The Reading Public Museum renews autism certification and maintains the Certified Autism Center (CAC) designation from The International Board of Credentialing and Continuing Education Standards (IBCCES). Every two years, staff at CACs must renew their training to ensure they are equipped with the newest resources and understand the best practices to maintain a safe, welcome and inclusive environment for autistic and sensory-sensitive guests and their families. This training covers various topics, including sensory awareness, environment, communication, motor and social skills, program development, and emotional awareness.
Becky Ruth, coordinator of education, events and outreach, says, “Our Education Department is always looking for new ideas for programs or even daily offerings that can help make the Reading Public Museum a more welcoming and accessible place for everyone.”
Since becoming a CAC in 2018, the Reading Public Museum has introduced a variety of new programs to support guests with sensitivity needs. The museum hosts low sensory hours before and/or after public hours for a limited number of registered guests. During these times, guests receive a sensory map and kit, and they can enjoy the museum and special exhibitions in an environment that accommodates varying sensory needs. For the past two years, the museum has also hosted sensory-inclusive fireworks. This event allows guests with varying sensory needs to enjoy the fun of Fourth of July fireworks without the extra stimulation that often occurs during regular firework shows. This program is hosted in the museum’s state-of-the-art planetarium, and silent fireworks are projected on the planetarium dome for guests to enjoy.
“Our Sensory Inclusive Fireworks show that takes place around the Fourth of July, is one of our most popular events. Each year it sells out and we always receive comments from families about how happy they are that something like this exists in our community,” says Ruth.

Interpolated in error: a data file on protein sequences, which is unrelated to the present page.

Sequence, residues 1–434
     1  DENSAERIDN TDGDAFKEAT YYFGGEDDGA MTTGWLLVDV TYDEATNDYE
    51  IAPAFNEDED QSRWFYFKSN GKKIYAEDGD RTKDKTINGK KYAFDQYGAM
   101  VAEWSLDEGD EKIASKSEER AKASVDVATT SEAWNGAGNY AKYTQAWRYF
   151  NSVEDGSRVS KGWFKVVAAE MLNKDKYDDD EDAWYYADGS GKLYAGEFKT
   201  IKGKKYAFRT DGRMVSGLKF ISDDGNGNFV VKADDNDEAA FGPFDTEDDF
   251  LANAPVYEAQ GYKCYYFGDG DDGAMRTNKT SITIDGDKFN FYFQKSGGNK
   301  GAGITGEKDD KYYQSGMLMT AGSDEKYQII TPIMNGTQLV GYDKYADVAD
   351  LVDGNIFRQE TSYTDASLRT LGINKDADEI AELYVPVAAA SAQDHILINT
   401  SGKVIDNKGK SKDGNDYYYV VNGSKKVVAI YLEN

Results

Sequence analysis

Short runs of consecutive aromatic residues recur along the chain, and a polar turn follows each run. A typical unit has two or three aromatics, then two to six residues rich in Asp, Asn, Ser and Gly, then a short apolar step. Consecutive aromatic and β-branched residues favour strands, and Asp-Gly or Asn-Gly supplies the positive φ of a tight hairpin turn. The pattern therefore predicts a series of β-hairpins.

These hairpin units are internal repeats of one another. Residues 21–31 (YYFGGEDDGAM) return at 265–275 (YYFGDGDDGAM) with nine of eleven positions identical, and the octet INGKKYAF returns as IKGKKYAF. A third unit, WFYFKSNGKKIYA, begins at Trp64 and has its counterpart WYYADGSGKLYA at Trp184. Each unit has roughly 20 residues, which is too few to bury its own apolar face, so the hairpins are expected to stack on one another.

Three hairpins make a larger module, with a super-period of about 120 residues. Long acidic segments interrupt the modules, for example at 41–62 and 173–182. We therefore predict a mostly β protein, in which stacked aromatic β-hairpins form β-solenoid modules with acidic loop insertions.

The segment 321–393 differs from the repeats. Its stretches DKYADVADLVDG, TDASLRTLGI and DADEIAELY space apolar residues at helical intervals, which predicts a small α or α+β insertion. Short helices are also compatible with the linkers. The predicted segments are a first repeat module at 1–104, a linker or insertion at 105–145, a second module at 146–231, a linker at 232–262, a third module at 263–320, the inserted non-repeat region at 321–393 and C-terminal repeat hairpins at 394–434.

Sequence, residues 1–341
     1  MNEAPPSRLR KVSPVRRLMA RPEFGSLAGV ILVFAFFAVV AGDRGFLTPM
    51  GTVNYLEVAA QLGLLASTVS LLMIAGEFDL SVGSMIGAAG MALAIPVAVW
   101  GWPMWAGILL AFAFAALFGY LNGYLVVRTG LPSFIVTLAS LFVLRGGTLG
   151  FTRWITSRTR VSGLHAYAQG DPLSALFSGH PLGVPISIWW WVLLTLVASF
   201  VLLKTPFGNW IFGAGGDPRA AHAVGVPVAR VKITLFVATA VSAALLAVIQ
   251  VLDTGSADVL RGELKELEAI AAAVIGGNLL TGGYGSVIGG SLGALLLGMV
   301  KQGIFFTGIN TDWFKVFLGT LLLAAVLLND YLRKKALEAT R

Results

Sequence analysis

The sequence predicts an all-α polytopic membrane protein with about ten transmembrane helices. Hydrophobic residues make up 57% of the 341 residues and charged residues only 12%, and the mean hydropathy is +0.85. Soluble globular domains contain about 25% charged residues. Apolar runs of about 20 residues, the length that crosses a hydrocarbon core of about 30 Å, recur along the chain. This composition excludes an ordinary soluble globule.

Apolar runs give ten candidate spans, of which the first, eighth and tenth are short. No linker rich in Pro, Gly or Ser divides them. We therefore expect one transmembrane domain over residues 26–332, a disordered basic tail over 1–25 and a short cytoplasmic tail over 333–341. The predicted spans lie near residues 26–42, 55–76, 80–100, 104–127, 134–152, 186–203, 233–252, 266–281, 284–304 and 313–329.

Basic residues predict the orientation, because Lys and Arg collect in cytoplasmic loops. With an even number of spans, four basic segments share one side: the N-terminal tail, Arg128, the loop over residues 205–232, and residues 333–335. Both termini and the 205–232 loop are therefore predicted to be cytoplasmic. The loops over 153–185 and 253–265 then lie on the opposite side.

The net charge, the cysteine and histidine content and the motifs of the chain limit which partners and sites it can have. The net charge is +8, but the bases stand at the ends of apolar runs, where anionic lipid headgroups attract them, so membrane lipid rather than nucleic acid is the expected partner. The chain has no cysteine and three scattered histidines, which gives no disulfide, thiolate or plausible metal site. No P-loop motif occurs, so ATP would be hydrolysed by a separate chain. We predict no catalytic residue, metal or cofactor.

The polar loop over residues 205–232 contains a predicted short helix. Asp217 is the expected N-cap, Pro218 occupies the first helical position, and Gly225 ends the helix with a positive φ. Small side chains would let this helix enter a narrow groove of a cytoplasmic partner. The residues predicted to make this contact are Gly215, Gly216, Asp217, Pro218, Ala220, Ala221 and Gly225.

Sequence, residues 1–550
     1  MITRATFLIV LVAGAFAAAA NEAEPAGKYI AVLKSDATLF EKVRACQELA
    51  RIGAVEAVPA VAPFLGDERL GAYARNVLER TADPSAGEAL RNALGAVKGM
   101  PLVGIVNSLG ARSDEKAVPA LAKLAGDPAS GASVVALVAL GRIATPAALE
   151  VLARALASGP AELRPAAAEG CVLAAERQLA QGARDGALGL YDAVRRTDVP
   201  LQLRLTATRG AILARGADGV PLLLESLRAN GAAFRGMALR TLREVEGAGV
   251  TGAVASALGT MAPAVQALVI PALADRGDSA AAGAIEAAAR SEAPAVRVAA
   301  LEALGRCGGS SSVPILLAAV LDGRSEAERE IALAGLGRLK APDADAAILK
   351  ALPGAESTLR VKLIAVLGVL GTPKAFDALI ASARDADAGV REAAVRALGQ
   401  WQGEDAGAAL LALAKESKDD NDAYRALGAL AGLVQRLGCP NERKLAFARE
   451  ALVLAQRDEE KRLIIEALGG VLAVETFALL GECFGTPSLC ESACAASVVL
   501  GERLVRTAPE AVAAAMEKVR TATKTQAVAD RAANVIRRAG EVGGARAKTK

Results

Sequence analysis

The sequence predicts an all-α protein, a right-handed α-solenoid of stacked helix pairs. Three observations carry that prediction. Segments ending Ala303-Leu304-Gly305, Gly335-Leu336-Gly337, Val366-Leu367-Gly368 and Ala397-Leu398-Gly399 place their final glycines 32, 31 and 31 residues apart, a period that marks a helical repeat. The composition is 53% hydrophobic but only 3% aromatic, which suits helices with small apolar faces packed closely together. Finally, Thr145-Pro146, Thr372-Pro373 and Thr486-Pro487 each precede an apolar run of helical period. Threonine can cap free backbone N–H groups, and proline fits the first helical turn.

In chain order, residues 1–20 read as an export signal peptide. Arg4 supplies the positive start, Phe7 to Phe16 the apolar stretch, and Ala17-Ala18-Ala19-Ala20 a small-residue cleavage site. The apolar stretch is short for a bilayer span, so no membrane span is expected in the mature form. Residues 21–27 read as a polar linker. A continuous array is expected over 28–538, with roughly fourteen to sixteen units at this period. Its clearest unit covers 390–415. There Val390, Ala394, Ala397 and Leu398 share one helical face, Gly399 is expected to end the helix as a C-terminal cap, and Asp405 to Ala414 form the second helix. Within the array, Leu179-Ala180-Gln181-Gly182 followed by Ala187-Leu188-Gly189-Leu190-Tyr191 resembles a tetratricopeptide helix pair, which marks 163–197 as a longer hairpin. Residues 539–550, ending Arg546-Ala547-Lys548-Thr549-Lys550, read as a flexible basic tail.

“Continuing education and staying up-to-date on the best practices and latest information is essential in creating an environment that promotes ongoing inclusivity,” states Myron Pincomb, board chairman of IBCCES. “We’re proud to continue our longstanding partnership with the Reading Public Museum to recertify them as a CAC. We hope that their dedication to creating a safe and accessible space for all guests will inspire others to follow suit.”
IBCCES has been the leader in cognitive disorder training and certification for healthcare, education, and corporate professionals around the globe for more than 20 years. IBCCES is the only global credentialing board providing travel and entertainment organizations with training and certification from subject-matter experts and autistic self-advocates, and other resources, as well as long-term support that helps them understand how to better accommodate and assist autistic or sensory-sensitive visitors and their families.
IBCCES also created AutismTravel.com, a free online resource for families that lists certified destinations and connects families to other resources and each other. Each destination listed on the site has met the Certified Autism Center (CAC) requirements.